The plaintiff's contention is that the action is not based upon statutory grounds alone but is one at common law and in equity as well, and that therefore it was within the province of the court to fix reduced assessments. Our statutes provide a method by which an owner of property may directly call in question the valuation placed by assessors upon his property by an appeal to the board of relief, and from it to the courts. General Statutes, 1193-1195; Cum. Sup. 1935, 374c. These statutes limit to a short period the time within which the property owner can seek relief under them, and the purpose of this is undoubtedly to prevent delays in the ultimate determination of the amounts a municipality can collect as taxes. The remedy given by the statute involved in this case (Cum. Sup. 1935, 375c), which may be invoked up to the expiration of one year, not from the making of the assessment but from the time when the tax became due, certainly could not have been intended as a remedy alternative to an appeal to the board of relief where the claim is merely that the property has been overassessed; it is rather to be regarded as a remedy to meet situations of a different character. In Connecticut Light Power Co. v. Oxford, 101 Conn. 383, 391, 392, 126 A. 1, it is pointed out that the statute created no new right, or even a new remedy except in form, but was "merely declaratory of existing legal and equitable rights." The right and remedy to which reference is made in that decision was one accorded a taxpayer where there was misfeasance or nonfeasance by the taxing authorities or the assessment was arbitrary or so excessive or discriminatory as in itself to show a disregard of duty on their part. 4 Cooley, Taxation (4th Ed.), 1645. The mere fact that the assessors overvalued the property is not ground for relief, aside from the statutory remedies by appeal from the board of relief. Stanley v. Supervisors of Albany, 121 U.S. 535, 550, 7 Sup. Ct. 1234; Maish v. Arizona, 164 U.S. 599, 611, 17 Sup. Ct. 193; People's Gas Light Co. v. Stuckart, 286 Ill. 164, 174, 121 N.E. 629; Salt Co. v. Ellsworth, 82 Kan. 203, 205, 107 P. 640; Iron Co. v. Township of Wakefield, 186 Mich. 626, 632, 153 N.W. 14. Where the basis of the claim for relief is the illegal overvaluation of the property, recourse apart from such remedy could only be had to equity, because the only remedies which could be afforded are those obtainable in an equitable proceeding. Johnson v. Wells Fargo Co., 239 U.S. 234, 244, 36 Sup. Ct. 62; Continental National Bank v. Naylor, 54 Utah 49, 58, 71, 179 P. 67; County of Los Angeles v. Ballerino, 99 Cal. 593, 597; Burton Stock Car Co. v. Traeger, 187 Ill. 9, 12, 58 N.E. 418. When 375c of the Cumulative Supplement, 1935, states that relief will be accorded where the tax was laid on an assessment which, "under all the circumstances, was manifestly excessive and could not have been arrived at except by disregarding the provisions of the statutes for determining the valuation of such property," it briefly defines the circumstances under which relief could be given in equity in the absence of the statute. As the statute was clearly intended to take the place of the remedy in equity based on an overvaluation of the property and as all the relief can be obtained under it which could be afforded by equity, it precludes a resort to equity generally in such a case as the one before us. Rowe v. Hampton, 75 N. H. 479, 480, 76 A. 250; see Wilcox v. Madison, 106 Conn. 223, 227, 137 A. 742.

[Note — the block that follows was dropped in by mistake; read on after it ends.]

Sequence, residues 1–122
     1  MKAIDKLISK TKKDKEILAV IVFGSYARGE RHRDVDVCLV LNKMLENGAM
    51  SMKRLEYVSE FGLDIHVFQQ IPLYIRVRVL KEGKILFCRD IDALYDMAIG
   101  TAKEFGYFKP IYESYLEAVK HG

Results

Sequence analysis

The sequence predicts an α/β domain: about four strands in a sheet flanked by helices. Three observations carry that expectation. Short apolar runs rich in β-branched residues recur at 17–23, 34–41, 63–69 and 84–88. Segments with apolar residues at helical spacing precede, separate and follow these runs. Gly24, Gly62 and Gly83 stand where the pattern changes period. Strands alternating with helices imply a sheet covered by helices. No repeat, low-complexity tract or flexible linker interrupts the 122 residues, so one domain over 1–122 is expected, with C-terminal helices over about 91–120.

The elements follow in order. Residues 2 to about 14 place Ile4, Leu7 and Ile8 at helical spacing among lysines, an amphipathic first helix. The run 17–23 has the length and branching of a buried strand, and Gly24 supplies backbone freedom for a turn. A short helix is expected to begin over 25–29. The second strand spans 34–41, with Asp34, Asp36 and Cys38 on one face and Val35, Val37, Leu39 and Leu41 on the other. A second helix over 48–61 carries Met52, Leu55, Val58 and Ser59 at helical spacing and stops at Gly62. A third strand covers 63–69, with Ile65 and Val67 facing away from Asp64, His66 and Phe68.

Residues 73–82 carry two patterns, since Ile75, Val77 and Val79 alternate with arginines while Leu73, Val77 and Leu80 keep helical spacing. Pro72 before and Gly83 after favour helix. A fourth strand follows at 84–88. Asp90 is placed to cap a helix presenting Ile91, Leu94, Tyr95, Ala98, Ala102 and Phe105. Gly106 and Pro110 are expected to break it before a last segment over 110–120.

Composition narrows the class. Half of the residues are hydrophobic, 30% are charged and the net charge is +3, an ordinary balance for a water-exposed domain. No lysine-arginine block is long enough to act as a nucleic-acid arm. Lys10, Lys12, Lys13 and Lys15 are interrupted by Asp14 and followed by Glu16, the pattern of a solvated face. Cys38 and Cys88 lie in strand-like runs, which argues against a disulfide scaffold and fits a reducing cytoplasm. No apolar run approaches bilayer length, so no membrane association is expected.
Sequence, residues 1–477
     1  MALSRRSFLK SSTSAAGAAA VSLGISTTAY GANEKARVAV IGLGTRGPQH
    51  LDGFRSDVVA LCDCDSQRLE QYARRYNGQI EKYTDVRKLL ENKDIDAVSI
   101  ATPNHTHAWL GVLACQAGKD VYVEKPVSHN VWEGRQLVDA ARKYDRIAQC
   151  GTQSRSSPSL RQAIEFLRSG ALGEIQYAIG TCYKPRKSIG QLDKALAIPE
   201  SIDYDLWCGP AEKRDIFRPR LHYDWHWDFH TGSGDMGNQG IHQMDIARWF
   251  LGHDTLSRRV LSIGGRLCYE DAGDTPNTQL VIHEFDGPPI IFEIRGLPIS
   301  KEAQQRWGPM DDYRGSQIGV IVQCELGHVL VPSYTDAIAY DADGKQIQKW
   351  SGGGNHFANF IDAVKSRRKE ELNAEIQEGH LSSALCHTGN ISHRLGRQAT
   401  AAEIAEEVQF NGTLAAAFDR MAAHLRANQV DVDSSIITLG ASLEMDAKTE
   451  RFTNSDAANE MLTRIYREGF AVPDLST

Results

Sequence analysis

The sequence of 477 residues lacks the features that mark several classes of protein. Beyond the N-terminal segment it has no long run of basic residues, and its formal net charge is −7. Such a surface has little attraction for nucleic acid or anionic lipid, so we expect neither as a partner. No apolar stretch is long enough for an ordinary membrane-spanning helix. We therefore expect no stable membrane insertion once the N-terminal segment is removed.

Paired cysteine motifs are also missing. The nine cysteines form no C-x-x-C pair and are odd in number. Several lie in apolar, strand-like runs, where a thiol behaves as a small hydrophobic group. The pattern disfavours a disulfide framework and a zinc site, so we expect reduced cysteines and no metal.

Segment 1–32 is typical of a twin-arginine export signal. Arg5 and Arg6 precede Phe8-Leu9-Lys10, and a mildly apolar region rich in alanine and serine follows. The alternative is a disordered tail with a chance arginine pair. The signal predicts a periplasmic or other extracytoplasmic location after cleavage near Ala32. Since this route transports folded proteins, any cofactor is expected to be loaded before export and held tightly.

The claim of the plaintiff that there is no proper basis in the evidence for the finding of values made by the referee is upon the main ground that her property had a market value indicated by sales of neighboring properties and that the referee was required to use this value as a basis of his finding. As to these sales, the referee found that the properties sold were so different in material respects as to render difficult comparison with the plaintiff's property. The properties must be "similarly located and of like character." Campbell v. New Haven, 101 Conn. 173, 185, 125 A. 650. It is largely a question of judicial discretion whether the requisite similarity of conditions has been established. Chandler v. Jamaica Pond Aqueduct, 122 Mass. 305; St. Louis Ill. Belt Ry. v. Guswelle, 236 Ill. 214, 218; 86 N.E. 230; Muccino v. B. O. R. Co., 33 Ohio App. 102, 106. The other sales involved buildings as well as land. We may not say from an examination of the evidence that they furnished so certain a basis for market value that the referee abused his discretion in failing to base his finding upon them. See Portland Silk Co. v. Middletown, 125 Conn. 172, 175, 4 A.2d 422. He further found that there was no satisfactory evidence upon which to base a valuation by capitalization of income. The only testimony supporting such a method of valuation was that of a son of the plaintiff to the effect that if he were buying the property he would consider that it should bring in an average gross income of at least 20 per cent of the value. The referee might well refuse to accept this evidence as a basis for capitalization of income. The referee based his estimate of value of the buildings on the testimony of real estate experts produced by both parties who arrived at their opinions upon the basis of cost of reproduction less allowance for depreciation and obsolescence, and found, as to the land, that there was no evidence of inconsistencies in the valuations placed by the assessors on properties in that vicinity. It may not be said that with the evidence before him the referee did not adopt a proper method to arrive at values. Underwood Typewriter Co. v. Hartford, 99 Conn. 329, 337, 122 A. 91. Lomas Nettleton Co. v. Waterbury, 122 Conn. 228, 188 A. 433; Eitingon v. Stamford, 130 Conn. 418, 419, 34 A.2d 879. A further contention is that the referee adopted the testimony of a real estate expert as to cost of reproduction who, on the evidence, was not qualified. The qualifications of this witness as a real estate expert were admitted by the plaintiff and no objection was made to his testimony as to replacement costs, although his qualifications as an expert as to these were not admitted. The referee might well have found him qualified in this respect.